Urban Air Mobility is seen, among other things, as a supplement to transport on the crowded traffic routes of the metropolises. Does this shift the problem into the air, or can it be a viable mobility solution for the future?
Possible traffic problems in metropolitan areas will probably not be solved by this – due to the lack of capacity. But it is a welcome addition when things have to move quickly. Important to mention is, that in the future, air taxis will not only be affordable for high earners, but for everyone, but of course not every day. Primary school children will probably not go to school with them.
What could be transported with the new air taxis or what purpose could they serve – apart from passenger transport?
We see an early and important field of application in the rescue of injured people and patients.
What infrastructural requirements must be met to make Urban Air Mobility realistic?
On the ground, we need landing sites, so called vertiports, seamlessly connected to other means of transport and also with sufficient power available; typically close to transformer stations. In the air, the main task is to manage the various and increasing players in the airspace.
Finally, legislation must also be adapted so that an air taxi can ever take off. How close – or how far – are you from that today?
Not really surprisingly, this still requires a great deal of commitment and, unfortunately, patience. What makes us optimistic is that the Federal Office of Civil Aviation (FOCA) is very open and has proactively launched exchanges and initiatives early on. For example, they are very active in the development of Swiss U-Space or support the development thanks to Specific Operations Risk Assessments (SORA). Just a few weeks ago, we felt this openness again at a meeting of the Drone Industry Association Switzerland (DIAS) at the FOCA in Ittigen.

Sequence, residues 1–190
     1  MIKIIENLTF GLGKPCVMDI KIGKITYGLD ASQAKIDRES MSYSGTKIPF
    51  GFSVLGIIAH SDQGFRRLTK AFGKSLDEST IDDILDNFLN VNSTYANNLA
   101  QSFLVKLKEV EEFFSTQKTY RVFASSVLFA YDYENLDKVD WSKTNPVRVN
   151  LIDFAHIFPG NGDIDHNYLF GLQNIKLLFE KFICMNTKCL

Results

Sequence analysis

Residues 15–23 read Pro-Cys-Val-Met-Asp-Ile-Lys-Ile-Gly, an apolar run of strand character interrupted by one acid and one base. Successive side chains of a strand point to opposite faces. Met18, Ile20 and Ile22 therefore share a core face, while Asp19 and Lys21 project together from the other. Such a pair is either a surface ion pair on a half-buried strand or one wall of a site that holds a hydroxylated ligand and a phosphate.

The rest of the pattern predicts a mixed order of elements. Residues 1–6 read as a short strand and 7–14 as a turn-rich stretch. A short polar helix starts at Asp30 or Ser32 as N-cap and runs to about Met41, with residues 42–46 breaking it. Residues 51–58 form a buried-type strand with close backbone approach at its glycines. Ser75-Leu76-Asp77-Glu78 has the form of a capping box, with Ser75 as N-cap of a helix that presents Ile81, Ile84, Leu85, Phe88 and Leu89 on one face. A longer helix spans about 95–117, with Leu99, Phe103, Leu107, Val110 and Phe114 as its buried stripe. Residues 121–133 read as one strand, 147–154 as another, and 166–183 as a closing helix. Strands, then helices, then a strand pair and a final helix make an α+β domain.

What other challenges need to be overcome before Urban Air Mobility can be integrated into our everyday lives?
There are many! Starting with the continuing limitations of energy efficiency, through costs and the associated profitability, to acceptance by the population. And last but not least: safety. Sebastian Thrun, CEO of an air taxi manufacturer, put it aptly: “If we screw it up it would put it off for decades”
Regarding Smart Mobility Services: How can Urban Air Mobility interact with other modes of transport?
We see many opportunities, especially in public transport. Air taxis could make the famous “last mile” possible or replace low-traffic routes. Early in the morning, for example, an air taxi will be available at Sion station instead of a Bus to take the first hikers to Lac de Tseuzier. Today’s railway stations are increasingly being developed into mobility hubs, where many forms of mobility converge. SBB has been developing its “Neue Mobilitätsdienstleistungen (NMD)” division for over a year now. We are very curious to see what innovations are coming.
When and where will we see the first autonomous air taxis transporting people in cities?
Probably where air taxi services with helicopters are already established today, i.e. in major cities, or a little closer and more concretely: as a shuttle between Nice Airport and Monaco.
When will we see the first air taxis in Switzerland?
That’s a very difficult prediction, as the timing depends on an extremely large number of contingencies. But we have a big bet open: we are convinced that we will see autonomous air taxis before fully autonomous cars!
Thank you very much for the informative conversation, Stefan Gygli.
This interview was originally published in German in the aviation magazine «Cockpit» on 13 March 2020. Find the original article here.